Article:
Three world titles, three gold medals at the Parapan American Games, multiple world records and the crown of world’s fastest female para-athlete — all these ensured 2015 was a year to remember for Cuban sprinter Omara Durand.
Her performances this year, her first back after giving birth to her daughter Erika, make it to No. 7 in the International Paralympic Committee’s Top 50 Moments of 2015.
Heading into 2015, Durand was no stranger to the athletics scene.
The 24–year-old won two world titles in 2011, and repeated that success at London 2012, her second Games, having made her Paralympic debut at just 16.
But after taking a three-year sabbatical from the track to start a family following London 2012, no one knew what form Durand would comeback with. This included herself, as she prepared for her first major event back – August’s Toronto 2015 Parapan American Games.
“I took part in Toronto 2015 both to see if I could still compete at a high level after being far from the track for so long, and to prepare myself for the Doha 2015 World Championships, which are my biggest goal of the year.”
Durand announced her comeback in style smashing the 100m world in the heats in Toronto. Despite an extremely wet track due to an earlier storm, the T12 sprinter clocked 11.65 seconds to lower the previous best for her class by 0.26 seconds. Her time also made her the world’s fastest female para-athlete.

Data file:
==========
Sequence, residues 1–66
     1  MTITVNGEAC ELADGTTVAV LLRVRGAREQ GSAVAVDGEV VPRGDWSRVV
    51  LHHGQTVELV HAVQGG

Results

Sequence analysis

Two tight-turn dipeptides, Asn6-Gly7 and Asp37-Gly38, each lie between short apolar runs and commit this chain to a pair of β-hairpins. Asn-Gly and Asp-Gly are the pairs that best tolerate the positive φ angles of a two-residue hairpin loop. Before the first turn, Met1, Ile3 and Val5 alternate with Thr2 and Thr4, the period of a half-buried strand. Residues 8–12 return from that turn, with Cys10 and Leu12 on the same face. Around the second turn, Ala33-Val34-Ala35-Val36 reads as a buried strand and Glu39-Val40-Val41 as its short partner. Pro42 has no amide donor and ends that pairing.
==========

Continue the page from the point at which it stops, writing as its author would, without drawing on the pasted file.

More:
She duly went on to win gold in the final with an even faster time, which was sadly wind assisted, and the very next day added the 400m title to her achievements.
She saved the best for last in Toronto. In winning 200m T12 gold, she broke the world record in both the semi-finals and the final. In her first run over 200m, she clocked 23.87, 0.59 seconds quicker than the previous world record that she lowered again in the final with 23.67.
Full of confidence, she arrived at the 2015 IPC Athletics World Championships in Doha, Qatar, as one of the star athletes to look out for. She did not disappoint.
The 400m was her first event. After breaking the championship record in the heats, she stormed to gold in 53.05, a world record by 0.62 seconds.
She lowered her own 200m world record twice on the way to her second world title in Doha. First she ran 23.38 in the heats, before running an incredible 23.03 in the final.
Durand’s final event in Doha was the 100m. In the heats, she clocked a championship record 11.66, which was just 0.01 seconds outside her own world record.
Like in Toronto, she saved her best for last and in the final sprinted to gold in a remarkable 11.48, 0.17 seconds quicker than she had ever run before.
Without doubt, Durand is now firmly established as the world’s fastest para-athlete, a position she cemented in September when she won a special race to mark one-year-to-go until the Rio 2016 Paralympic Games. Lining up against Brazil’s T11 sprinter Terezinha Guilhermina and T47 teammate Yunidis Castillo, Cuba’s most decorated athlete, Durand eased to the win in 12.24 seconds.
To find out more about the IPC’s Top 50 Moments of 2015, visit the dedicated page on the IPC’s website.